I jotted this note down:

Being honest + admitting mistakes = builds trust >>> SUPERVISION!
Obviously triggering in my mind that this also applies to supervision.

For readers who have read my blog a lot in the past, you will know that I love talking about and thinking about how I supervise & how I can supervise better. While I am not going to go out and say that I purposefully deflect or lie to those that I supervise, I do admit that I have been known to occasionally sugar coat things.

As I reflect about this concept, I think about the difference between being honest and admitting mistakes vs deflecting or avoiding topics and how this impacts those that I supervise.

I know when my supervisor (or past supervisors) say “I can’t answer that,” I respect them more. While I still really want to know the answer, I realize that they have heard my question and are being honest with me. I then respect and trust them more.

For those who know me at all, you know that I am quick to admit mistakes. I have no problem telling those that I work with and for that I have messed up. Just the other day I sent an email asking for a piece of information I had already received. Once I figured it out, I was quick to send an apology email – even pointed out that I felt foolish! For me, this is all about being honest with those that you work with.

What do you think about how this concept? Do you feel that being honest and admitting mistakes builds trust, which helps make you a stronger supervisor? How? Why?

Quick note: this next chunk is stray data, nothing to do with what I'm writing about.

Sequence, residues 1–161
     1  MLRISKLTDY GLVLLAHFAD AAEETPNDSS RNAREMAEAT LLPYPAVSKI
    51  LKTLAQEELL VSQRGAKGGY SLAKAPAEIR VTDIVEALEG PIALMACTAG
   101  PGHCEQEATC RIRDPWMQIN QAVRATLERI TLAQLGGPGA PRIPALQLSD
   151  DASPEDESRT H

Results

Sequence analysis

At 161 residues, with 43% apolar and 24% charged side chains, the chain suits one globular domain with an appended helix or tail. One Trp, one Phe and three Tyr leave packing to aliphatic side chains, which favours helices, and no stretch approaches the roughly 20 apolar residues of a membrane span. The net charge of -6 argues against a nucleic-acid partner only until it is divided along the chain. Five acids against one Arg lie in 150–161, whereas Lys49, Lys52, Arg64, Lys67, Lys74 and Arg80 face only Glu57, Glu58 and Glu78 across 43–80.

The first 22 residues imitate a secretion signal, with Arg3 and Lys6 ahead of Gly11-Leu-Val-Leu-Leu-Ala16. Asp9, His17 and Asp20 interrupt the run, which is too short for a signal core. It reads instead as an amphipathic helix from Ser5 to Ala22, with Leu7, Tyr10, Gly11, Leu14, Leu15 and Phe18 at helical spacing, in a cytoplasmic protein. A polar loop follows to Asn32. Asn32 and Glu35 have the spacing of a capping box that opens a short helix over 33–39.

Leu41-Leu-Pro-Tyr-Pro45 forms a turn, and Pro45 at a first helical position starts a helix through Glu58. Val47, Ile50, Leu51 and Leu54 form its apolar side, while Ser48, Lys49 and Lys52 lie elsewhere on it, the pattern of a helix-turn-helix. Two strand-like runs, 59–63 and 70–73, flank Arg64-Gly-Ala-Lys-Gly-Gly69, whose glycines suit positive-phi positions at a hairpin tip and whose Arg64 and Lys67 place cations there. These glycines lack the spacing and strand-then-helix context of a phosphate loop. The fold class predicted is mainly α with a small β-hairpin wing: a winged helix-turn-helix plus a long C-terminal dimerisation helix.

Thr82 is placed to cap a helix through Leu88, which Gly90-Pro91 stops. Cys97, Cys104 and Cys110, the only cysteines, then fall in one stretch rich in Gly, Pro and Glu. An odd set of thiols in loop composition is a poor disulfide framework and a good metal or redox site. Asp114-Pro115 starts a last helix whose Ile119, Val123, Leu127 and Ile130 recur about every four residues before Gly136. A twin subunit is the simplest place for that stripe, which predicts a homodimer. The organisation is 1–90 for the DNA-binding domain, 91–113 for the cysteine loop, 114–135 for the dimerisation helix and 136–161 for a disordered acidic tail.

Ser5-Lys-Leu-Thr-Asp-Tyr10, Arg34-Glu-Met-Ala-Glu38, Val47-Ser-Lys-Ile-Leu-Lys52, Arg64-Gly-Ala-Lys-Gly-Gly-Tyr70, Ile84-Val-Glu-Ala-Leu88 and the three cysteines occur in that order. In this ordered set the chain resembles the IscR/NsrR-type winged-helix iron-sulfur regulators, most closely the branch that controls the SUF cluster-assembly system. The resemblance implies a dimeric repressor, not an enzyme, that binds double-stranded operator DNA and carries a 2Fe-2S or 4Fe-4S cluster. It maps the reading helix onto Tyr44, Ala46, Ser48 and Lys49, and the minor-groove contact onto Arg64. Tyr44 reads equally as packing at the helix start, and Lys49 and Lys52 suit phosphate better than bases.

This post was posted on http://thesabloggers.org on July 2, 2012.

#oneword 2012

Last year, my #oneword was ‘Strive’ – I shared with you all a great activity that I did with my RA’s and how much fun it was for them to come up with a word & then for me to run with it as the word I wanted to use for myself!

This year, my #oneword is a word I’ve been saying almost daily in my job.  I wish I did this more.  I wish other folks did this more.  I know that I CAN do this more.  I intend on doing this more.

My word for 2012 is ‘Sharing.’  No cool graphic this year to illustrate it (sorry!).

I debated doing ‘Share’ vs ‘Sharing’ – and decided on the verb/action because I want to do more of it this year.

For me there are two parts of this goal:

1) Personal life – I don’t do a good job at sharing what goes on with me with those around me.  I can do better.  This is the bigger part of the goal.

2) Professional life – I work at a large-ish institution within a large-ish department.  I can do a better job at sharing the triumphs of the area that I work in, sharing the ideas/mechanisms that I use in my area, and also at encouraging others to share their great ideas as well.

So, while last year I was pushing others (and myself) to ‘Strive’ to do better — this year, I’m pushing myself and others to be a better part of the community that is ‘Sharing.’

What is your #oneword2012 ?

How could you be better at ‘Sharing’?